Tuesday, June 18, 2013

Graduation rates rising in Kansas and the Nation

Kansas and the United States as a whole sharply increased four-year high school graduation rates between 2005 and 2010, according to two recently released national reports. Kansas students graduate at higher rates than the national average and most other states in the region.

The National Center for Education Statistics (U.S. Department of Education) has released selected data tables from the  2012 Digest of Education Statistics.  Also, Education Week and the Editorial Projects in Education Research Center released the annual  Diplomas Count report.  Both contain information on the graduating class of 2010, and both report the percentage of students graduating high school within four years has increased significantly over the past decade.  However, the two studies come up with somewhat different results, with the Digest usually several percentage points higher.

According the Digest, the Kansas four-year graduation rate rose from 77.1% in 2000, when Kansas ranked 17th in the nation, to 83.0% in 2010, ranking 8th. Diplomas Count shows the Kansas graduation rate rising from 73.5% in 2000 to 80% in 2010, and the state ranking increasing from 17th to 12th.

The national graduation rate increased by about the same percentage as Kansas since 2000, but Kansas started at a higher level.  In 2010, the U.S. average had reached about the level Kansas was at ten years earlier in both reports.

Although these new reports do not go past 2010, a study by the U.S. Department of Education last fall put the Kansas graduation rate at 83.0% in 2011.  That report used a new, uniform methodology for all states, but does not provide comparable data for previous years.

The Digest also reports the percentage of population aged 18-24 with a high school diploma, based on a three year average.  For 2008-10, this report shows Kansas with an 85.1% completion rate, up from 78.3% in 2000.  However, Kansas' ranking in this area dropped slightly, from 17th to 19th.  The national average increased from 74.7% to 83.1%.

KASB uses these indicators to calculate the state high school completion rate in order to rank education performance.  In 2000, Kansas ranked 18th when averaging the Diplomas Count and Digest four-year graduation rates and the Digest percent of young adults completing high school.  Averaging the most recent reports for 2010 with the 2011 U.S. Department of Education rate places Kansas 11th in the nation, an increase of seven positions in 10 years.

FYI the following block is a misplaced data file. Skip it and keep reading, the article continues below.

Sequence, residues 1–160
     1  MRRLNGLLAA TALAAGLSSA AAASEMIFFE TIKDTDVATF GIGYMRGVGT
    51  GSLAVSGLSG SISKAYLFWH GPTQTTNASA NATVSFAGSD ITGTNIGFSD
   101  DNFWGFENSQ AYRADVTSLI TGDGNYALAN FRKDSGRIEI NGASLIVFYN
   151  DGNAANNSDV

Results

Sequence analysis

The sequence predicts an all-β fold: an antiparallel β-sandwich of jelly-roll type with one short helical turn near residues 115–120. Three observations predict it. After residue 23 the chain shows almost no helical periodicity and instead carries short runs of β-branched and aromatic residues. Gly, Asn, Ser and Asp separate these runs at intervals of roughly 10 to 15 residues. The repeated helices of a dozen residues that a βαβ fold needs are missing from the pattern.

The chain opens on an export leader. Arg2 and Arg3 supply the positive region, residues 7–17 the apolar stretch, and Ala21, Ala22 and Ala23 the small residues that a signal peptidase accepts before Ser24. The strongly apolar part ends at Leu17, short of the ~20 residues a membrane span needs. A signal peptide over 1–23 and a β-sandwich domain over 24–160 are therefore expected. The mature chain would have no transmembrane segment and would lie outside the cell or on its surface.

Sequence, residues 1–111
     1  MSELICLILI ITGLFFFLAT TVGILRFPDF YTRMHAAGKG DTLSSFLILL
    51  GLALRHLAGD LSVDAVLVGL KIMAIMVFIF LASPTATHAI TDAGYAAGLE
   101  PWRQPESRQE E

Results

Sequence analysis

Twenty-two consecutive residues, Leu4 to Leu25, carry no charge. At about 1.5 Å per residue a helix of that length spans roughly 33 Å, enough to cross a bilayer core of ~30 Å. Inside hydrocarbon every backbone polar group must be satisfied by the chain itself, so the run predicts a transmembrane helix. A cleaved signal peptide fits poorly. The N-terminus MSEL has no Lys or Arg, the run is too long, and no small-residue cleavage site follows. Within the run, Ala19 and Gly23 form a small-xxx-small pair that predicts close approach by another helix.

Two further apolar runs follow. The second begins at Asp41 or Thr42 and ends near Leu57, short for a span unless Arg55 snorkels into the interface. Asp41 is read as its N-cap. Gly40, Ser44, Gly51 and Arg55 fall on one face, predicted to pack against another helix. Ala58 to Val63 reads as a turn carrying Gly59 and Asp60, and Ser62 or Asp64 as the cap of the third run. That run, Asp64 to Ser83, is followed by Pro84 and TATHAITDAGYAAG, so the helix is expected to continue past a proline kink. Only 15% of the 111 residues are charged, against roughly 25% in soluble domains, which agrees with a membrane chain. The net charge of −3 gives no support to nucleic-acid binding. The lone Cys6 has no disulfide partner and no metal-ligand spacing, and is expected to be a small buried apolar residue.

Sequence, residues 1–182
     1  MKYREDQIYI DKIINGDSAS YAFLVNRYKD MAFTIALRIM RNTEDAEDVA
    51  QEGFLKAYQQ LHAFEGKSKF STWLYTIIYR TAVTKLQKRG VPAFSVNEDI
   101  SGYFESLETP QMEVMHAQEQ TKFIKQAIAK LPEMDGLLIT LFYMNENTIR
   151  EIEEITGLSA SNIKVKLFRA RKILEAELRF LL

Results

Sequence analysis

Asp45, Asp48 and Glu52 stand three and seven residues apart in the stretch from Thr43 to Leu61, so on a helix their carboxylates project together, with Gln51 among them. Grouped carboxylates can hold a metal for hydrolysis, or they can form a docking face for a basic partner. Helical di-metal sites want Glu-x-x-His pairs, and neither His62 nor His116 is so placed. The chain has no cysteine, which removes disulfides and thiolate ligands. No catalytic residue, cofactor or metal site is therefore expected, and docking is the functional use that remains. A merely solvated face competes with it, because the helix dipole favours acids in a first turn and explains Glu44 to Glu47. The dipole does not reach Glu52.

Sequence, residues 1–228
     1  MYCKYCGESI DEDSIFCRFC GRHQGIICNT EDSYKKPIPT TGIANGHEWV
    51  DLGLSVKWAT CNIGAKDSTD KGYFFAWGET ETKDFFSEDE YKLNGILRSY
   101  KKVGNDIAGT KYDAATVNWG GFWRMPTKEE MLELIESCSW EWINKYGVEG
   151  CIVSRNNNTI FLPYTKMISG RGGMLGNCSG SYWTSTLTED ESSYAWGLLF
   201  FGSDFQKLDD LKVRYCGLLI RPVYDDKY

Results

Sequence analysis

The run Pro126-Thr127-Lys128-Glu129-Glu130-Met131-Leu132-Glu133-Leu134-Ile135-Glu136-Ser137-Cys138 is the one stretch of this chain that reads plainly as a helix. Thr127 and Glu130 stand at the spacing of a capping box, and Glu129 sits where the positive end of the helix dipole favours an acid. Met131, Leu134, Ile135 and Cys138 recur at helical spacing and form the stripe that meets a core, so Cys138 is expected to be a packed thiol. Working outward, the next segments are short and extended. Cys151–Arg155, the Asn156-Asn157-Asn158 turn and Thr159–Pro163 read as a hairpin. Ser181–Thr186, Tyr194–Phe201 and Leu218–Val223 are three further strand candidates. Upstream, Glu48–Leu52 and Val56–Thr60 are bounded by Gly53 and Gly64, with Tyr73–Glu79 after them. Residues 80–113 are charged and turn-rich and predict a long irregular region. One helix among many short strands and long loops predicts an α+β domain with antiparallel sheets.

High school completion is one of four areas KASB tracks for state student performance, along with National Assessment of Education Progress (NAEP) reading and math tests, preparation for college based on ACT and SAT tests, and adult (over 25 years) education attainment.  Last year, based on all four of these areas, Kansas ranked 7th in the nation.  KASB's goal is for Kansas to improve to first in the nation in education outcomes.

Graduation rates in Kansas began spiking upward after the Legislature approved significant funding increases following the Montoy school finance decision in 2005, which specifically directed more money to "at risk" students less likely to graduate.  The national graduation rate increased at about the same rate, but so did education funding in other states.  In fact, between 2000 and 2011, national spending per pupil was not only higher than Kansas, but increased slightly more.  Kansas per pupil spending increased 50.9%, from $6,294 to $9,498.  The U.S. average increased 52.8%, from $6,911 to $10,560.

Each of the ten states with a higher average of the four high school completion rates listed above spent more than Kansas in 2011.  The ten states have an average completion rate of 84.4%, 1.2% higher than Kansas, but spent an average of $12,779, or 35% more than Kansas.

Highest Graduation Rates

Average Graduation Rate, 2010-11
Current Spending Per Pupil, 2011
Students Eligible for Free/Reduced Price Meals
North Dakota
New Jersey
New Hampshire
Top 10 Average
U.S. Average

Finally, Kansas has more low income, at-risk students than any of the top ten states in high school graduation.  On average, the top ten states have 36.4% of students eligible for free or reduced meals, 31% less than Kansas.  Put another way, Kansas is less than one percent below the national average for low income students, but is nearly 5 percent above the national average for graduation - and spent 10 percent less than the national average per pupil.

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